Besides, it just doesn’t fit. The culture, economies, people, traditions, and constitutions of other countries are sufficiently different from ours to render them functionally incompatible. Trying to use foreign law to render court decisions in the U.S. is like trying to play Monopoly using the rules from Risk.

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Anchor Babies and Foreign Laws

In her column of 8/18/2010, Ann coulter makes yet another obzervation regarding liberal hypocrisy.

Liberals/progressives/leftists in this country constantly try to get U.S. courts to make decisions based not on U.S. law, but on foreign law. There is, however, one notable exception: anchor babies.

But when it comes to anchor babies, The New York Times and the entire Democratic establishment plug their ears and hum rather than consider foreign laws on citizenship. (For more on this, see “Mexican immigration law versus U.S. immigration law.”)

Needless to say, America is the only developed nation that allows illegal aliens to gain full citizenship for their children merely by dropping them on U.S. soil.

The article goes on to cite the immigration policies of Sweden (usually a leftist’s dream), Britain, and Canada. Looks like we are the only ones to allow anchor babies. Of course, the left would argue that the 14th Amendment causes that, but the phrase “subject to the jurisdiction thereof” does not require that interpretation.

Anyway, the idea of using foreign laws to influence American court decisions has always been repulsive to me. Foreign laws are made by foreign leaders using foreign methods to meet foreign needs. While there are certainly elements common to all humanity, there are also regional variations based on geography, culture, and other factors that cannot allow a cookie-cutter mentality toward shaping laws. This applies within the 50 United States. What works in Maine might not necessarily work in Arizona. It applies even more so from one country to another. Foreign laws are also made by foreign legislatures whose methods might be illegal in the U.S. We are bound by our constitution, not foreign constitutions.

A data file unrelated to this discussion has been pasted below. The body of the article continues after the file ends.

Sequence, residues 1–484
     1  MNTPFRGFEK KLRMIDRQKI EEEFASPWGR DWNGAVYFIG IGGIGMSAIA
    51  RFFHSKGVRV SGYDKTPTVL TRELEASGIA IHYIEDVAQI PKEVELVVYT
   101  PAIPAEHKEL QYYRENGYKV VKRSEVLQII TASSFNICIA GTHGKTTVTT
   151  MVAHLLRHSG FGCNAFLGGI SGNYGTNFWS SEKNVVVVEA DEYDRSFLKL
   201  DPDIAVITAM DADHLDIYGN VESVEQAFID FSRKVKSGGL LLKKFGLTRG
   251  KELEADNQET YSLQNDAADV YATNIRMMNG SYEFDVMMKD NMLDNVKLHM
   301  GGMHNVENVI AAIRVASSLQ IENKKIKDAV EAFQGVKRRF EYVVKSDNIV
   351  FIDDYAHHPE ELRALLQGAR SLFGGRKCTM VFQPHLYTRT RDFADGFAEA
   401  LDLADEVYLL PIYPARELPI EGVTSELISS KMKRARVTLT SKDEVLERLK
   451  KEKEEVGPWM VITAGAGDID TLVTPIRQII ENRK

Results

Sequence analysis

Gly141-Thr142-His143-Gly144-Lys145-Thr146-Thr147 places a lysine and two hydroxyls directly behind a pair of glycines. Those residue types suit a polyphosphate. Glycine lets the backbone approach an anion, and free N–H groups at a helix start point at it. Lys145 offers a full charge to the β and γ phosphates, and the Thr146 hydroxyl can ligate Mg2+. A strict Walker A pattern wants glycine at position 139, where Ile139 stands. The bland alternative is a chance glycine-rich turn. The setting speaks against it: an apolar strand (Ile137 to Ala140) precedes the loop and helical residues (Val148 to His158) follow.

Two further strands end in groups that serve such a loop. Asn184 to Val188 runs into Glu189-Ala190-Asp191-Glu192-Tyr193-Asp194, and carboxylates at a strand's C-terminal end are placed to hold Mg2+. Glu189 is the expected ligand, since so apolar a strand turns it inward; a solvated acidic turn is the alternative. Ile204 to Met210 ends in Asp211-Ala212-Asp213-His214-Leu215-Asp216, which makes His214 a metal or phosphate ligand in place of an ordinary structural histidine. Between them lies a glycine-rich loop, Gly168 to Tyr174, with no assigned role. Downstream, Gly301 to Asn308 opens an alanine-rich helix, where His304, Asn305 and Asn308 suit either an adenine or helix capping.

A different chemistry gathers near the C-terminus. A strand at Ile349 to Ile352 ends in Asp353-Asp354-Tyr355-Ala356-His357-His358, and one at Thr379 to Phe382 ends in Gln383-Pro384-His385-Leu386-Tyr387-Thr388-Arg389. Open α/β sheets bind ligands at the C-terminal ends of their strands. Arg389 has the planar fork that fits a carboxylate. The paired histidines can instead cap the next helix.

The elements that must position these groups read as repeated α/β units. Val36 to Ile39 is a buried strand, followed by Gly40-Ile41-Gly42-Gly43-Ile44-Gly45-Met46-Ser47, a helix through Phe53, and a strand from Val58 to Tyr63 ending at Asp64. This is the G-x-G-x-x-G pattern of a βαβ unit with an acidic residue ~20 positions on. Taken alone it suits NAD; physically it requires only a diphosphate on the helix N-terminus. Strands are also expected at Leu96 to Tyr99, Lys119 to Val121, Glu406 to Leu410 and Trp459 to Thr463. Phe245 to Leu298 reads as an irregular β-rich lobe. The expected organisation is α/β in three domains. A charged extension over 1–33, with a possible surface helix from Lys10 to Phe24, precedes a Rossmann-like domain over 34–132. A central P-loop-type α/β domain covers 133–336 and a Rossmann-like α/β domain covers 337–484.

Foreign law might work for foreign countries, but it often goes against our laws, our traditions, our culture, our Constitution, and our liberty. If people want to adopt an idea from another country, let them put it before the Congress, or the state legislatures. Let our legislators study them, debate them, and modify them as necessary to meet our needs. Using foreign ideas to influence American court decisions thus bypassing the people’s elected representatives is a subversion of the sovereignty of the people and is (in my mind) close to treason.